Attacks by individual hackers, or even groups of hackers, would not usually be considered to be cyberwarfare, unless they were being aided and directed by a state. more> https://goo.gl/U3S5Ds
Posted in Banking, Broadband, Business, Communication industry, Economy, Education, History, Leadership, Media, Net, Technology
Tagged Broadband, Business, Congress Watch, cyberattack, Cybersecurity, Government, Internet, Technology
Aalto-1 satellite sends first image
By Jaan Praks, Antti Kestilä – Launched on the morning of 23 June from India, the Aalto-1 satellite’s first month in space has gone according to plan.
‘We have run checks on the majority of the satellite’s systems and found that the devices are fully functional,’ Professor Jaan Praks, who is heading the satellite project, explains.
‘We have also downloaded the first image sent by Aalto-1, which is also the first ever image taken from a Finnish satellite. It was taken while on orbit over Norway at an altitude of about 500 kilometres. The image shows the Danish coast as well as a portion of the Norwegian coastline.
Unlike traditional cameras, which measure three colours, the hyperspectral camera is able to measure dozens of freely selected narrow color channels. For this reason, it can be utilised for example in surveying forest types, algae and vegetation and as a tool in geological research. more> https://goo.gl/QGMNGu
Posted in Broadband, Communication industry, EARTH WATCH, Economic development, Economy, Education, Nature, Science, SPACE WATCH, Technology
Tagged Aalto University, Business improvement, Earth, Ecology, Leadership, Technology
How I Remade GE
By Jeffrey R. Immelt – I led a team of 300,000 people for 6,000 days. I led through recessions, bubbles, and geopolitical risk. I saw at least three “black swan” events. New competitors emerged, business models changed, and we ushered in an entirely new way to invest. But we didn’t just persevere; we transformed the company. GE is well positioned to win in the future.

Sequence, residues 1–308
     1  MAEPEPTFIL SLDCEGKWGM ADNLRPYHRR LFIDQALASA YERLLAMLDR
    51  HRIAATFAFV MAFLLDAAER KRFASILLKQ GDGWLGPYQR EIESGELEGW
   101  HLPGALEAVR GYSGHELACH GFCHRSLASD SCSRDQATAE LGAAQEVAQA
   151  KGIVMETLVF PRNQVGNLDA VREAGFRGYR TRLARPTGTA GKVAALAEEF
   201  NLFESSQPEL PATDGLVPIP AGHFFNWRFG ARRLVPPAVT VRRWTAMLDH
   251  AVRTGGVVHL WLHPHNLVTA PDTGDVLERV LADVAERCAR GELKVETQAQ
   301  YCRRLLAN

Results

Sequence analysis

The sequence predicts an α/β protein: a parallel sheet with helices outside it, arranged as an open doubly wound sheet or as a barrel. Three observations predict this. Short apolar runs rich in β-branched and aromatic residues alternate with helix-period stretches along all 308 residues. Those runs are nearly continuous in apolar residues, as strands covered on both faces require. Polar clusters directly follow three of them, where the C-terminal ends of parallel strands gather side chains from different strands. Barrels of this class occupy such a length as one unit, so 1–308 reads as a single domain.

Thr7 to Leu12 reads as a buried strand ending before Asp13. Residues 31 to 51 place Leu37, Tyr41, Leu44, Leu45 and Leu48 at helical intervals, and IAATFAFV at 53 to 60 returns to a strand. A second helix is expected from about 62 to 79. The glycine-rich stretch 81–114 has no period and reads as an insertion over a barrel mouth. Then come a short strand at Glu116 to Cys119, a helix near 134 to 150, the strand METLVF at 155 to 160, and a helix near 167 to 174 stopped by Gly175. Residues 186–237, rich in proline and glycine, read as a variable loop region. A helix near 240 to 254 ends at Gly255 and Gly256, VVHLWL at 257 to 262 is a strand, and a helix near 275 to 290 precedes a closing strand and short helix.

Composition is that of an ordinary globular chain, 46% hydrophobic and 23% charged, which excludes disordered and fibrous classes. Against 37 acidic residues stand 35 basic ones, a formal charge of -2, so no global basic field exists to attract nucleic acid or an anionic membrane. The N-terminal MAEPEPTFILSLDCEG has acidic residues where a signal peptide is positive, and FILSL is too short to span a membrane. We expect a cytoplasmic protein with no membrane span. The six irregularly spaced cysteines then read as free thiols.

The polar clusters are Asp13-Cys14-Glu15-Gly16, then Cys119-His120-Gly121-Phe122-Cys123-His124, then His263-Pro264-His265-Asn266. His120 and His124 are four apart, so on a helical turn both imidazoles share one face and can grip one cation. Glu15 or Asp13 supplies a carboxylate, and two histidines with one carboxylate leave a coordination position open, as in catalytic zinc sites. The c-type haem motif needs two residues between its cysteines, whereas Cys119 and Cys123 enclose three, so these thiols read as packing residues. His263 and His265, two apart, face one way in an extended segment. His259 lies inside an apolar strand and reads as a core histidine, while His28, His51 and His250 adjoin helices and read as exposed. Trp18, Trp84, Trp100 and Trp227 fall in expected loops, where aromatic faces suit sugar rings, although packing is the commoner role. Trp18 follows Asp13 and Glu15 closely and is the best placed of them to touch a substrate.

The changes that took in the world from 2001, when I assumed the company’s leadership, to 2017 are too numerous to mention. The task of the CEO has never been as difficult as it is today. In that vein, my story is one of progress versus perfection. The outcomes of my decisions will play out over decades, but we never feared taking big steps to create long-term value.
For the past 16 years GE has been undergoing the most consequential makeover in its history. We were a classic conglomerate. Now people are calling us a 125-year-old start-up—we’re a digital industrial company that’s defining the future of the internet of things. Change is in our DNA: We compete in today’s world to solve tomorrow’s challenges. We have endured because we have the determination to shape our own future. Although we’re still on the journey, we’ve made great strides in revamping our strategy, portfolio, global footprint, workforce, and culture. more> https://goo.gl/L9nX1b
Posted in Broadband, Business, Economy, Energy & emissions, History, Leadership, Product, Technology
Tagged Change management, culture, GE, Manufacturing, Technology, transformation